scruples


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Synonyms for scruples

motivation deriving logically from ethical or moral principles that govern a person's thoughts and actions

References in classic literature ?
And if I find no reason for starting any small scruples on my side, you may rely on me as a witness.
It is rather hard, I think, to treat Count Fosco's scruples so much more indulgently than you have treated mine.
And I scruple not to affirm, that it is infinitely less likely that either of them should gain an ascendant in the national councils, than that the one or the other of them should predominate in all the local councils.
By your account, he does seem to have had some scruples.
My only scruple in advising the match was on his account, as being beneath his deserts, and a bad connexion for him.
And Norah was wrong to place a scruple of pride, and a hopeless belief in her sister which no strangers can be expected to share, above the higher claims of an attachment which might have secured the happiness and the prosperity of her future life.
I made no scruple to lay my circumstances open to her; my stock was but low, for I had made but about
that as we had observed, as above, how the men made no scruple to set themselves out as persons meriting a woman of fortune, when they had really no fortune of their own, it was but just to deal with them in their own way and, if it was possible, to deceive the deceiver.
1500, and perhaps a great deal more, and that the captain said so; and if the captain was asked at any time about me, he made no scruple to affirm it, though he knew not one word of the matter, other than that his wife had told him so; and in this he thought no harm, for he really believed it to be so, because he had it from his wife: so slender a foundation will those fellows build upon, if they do but think there is a fortune in the game.
This was my man; but I was to try him to the bottom, and indeed in that consisted my safety; for if he baulked, I knew I was undone, as surely as he was undone if he took me; and if I did not make some scruple about his fortune, it was the way to lead him to raise some about mine; and first, therefore, I pretended on all occasions to doubt his sincerity, and told him, perhaps he only courted me for my fortune.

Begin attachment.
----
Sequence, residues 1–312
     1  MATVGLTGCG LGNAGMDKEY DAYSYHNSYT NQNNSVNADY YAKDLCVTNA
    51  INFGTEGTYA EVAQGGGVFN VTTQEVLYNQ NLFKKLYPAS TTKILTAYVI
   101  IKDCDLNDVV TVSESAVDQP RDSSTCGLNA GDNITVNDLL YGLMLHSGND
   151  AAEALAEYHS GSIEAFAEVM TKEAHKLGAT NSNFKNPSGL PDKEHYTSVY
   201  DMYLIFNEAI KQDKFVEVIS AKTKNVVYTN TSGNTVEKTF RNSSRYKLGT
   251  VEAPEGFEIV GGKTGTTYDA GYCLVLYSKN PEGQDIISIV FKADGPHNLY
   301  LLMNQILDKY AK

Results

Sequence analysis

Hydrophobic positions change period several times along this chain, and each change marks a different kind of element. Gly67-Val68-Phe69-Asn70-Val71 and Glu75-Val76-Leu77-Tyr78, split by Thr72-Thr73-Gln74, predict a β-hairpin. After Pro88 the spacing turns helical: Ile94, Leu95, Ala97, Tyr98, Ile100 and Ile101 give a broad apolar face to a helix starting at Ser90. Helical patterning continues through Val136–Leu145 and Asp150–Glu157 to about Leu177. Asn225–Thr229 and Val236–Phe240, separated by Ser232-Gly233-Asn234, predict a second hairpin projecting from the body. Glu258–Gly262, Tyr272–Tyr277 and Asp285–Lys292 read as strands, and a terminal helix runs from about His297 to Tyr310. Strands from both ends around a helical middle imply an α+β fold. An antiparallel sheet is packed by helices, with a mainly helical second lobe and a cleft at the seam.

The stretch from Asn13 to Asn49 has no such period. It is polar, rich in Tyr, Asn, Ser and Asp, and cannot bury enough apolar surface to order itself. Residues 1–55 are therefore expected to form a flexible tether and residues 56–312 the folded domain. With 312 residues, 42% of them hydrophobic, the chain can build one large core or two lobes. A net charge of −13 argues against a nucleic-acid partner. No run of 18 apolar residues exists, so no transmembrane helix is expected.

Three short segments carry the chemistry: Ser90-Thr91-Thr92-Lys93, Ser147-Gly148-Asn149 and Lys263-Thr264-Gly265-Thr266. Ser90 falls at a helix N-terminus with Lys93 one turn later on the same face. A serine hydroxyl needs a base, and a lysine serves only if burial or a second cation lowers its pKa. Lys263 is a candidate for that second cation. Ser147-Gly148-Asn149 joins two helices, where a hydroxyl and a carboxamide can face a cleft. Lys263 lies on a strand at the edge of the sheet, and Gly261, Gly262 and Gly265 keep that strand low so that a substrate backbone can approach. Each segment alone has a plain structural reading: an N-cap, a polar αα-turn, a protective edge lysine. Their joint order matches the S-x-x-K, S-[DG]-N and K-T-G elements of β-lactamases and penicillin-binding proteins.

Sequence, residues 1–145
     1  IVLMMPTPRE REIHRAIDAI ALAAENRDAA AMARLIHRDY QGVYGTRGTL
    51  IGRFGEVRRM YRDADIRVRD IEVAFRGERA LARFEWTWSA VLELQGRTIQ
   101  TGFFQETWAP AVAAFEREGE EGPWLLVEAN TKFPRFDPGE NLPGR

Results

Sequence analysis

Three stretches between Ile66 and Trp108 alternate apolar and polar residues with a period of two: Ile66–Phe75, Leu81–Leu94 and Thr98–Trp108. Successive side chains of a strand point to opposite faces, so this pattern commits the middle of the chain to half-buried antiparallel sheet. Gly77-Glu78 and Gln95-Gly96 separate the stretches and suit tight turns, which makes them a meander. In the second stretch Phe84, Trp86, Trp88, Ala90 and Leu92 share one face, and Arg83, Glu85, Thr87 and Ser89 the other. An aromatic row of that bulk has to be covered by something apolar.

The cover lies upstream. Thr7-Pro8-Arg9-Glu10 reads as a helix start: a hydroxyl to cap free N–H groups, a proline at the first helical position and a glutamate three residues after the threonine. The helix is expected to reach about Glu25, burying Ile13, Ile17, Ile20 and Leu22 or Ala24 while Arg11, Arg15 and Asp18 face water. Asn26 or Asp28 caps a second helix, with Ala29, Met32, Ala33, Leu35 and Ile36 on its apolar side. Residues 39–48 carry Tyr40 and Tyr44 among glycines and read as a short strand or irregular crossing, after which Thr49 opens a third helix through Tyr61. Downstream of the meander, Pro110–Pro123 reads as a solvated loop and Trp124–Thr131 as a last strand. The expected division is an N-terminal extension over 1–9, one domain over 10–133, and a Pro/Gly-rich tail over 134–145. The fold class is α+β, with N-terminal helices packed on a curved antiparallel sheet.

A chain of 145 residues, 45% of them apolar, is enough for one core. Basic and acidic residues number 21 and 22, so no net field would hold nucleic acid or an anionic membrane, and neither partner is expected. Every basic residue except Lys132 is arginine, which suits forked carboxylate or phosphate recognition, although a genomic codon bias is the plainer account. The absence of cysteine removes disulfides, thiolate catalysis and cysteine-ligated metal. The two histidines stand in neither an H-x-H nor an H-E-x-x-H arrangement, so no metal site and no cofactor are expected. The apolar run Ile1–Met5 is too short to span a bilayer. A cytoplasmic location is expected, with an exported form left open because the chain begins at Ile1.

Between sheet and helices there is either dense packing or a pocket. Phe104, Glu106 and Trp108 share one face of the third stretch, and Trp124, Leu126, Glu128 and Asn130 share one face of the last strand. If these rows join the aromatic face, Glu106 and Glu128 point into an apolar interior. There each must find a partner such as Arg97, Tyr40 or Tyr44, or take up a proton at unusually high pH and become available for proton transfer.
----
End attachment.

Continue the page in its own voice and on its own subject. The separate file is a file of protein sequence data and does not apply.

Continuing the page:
And that prince who, relying entirely on their promises, has neglected other precautions, is ruined; because friendships that are obtained by payments, and not by greatness or nobility of mind, may indeed be earned, but they are not secured, and in time of need cannot be relied upon; and men have less scruple in offending one who is beloved than one who is feared, for love is preserved by the link of obligation which, owing to the baseness of men, is broken at every opportunity for their advantage; but fear preserves you by a dread of punishment which never fails.
Tim's head being powdered like a twelfth cake, and his spectacles copied with great nicety, strangers detected a close resemblance to him at the first glance, and this leading them to suspect that the other must be his wife, and emboldening them to say so without scruple, Mrs Linkinwater grew very proud of these achievements in time, and considered them among the most successful likenesses she had ever painted.
Since, therefore, upon the strictest examination, my own conscience cannot lay any such pitiful theft to my charge, I am contented to plead guilty to the former accusation; nor shall I ever scruple to take to myself any passage which I shall find in an antient author to my purpose, without setting down the name of the author from whence it was taken.
I say awakened, because time and London, business and dissipation, had in some measure quieted it, and I had been growing a fine hardened villain, fancying myself indifferent to her, and chusing to fancy that she too must have become indifferent to me; talking to myself of our past attachment as a mere idle, trifling business, shrugging up my shoulders in proof of its being so, and silencing every reproach, overcoming every scruple, by secretly saying now and then,
The attachment, from which against honour, against feeling, against every better interest he had outwardly torn himself, now, when no longer allowable, governed every thought; and the connection, for the sake of which he had, with little scruple, left her sister to misery, was likely to prove a source of unhappiness to himself of a far more incurable nature.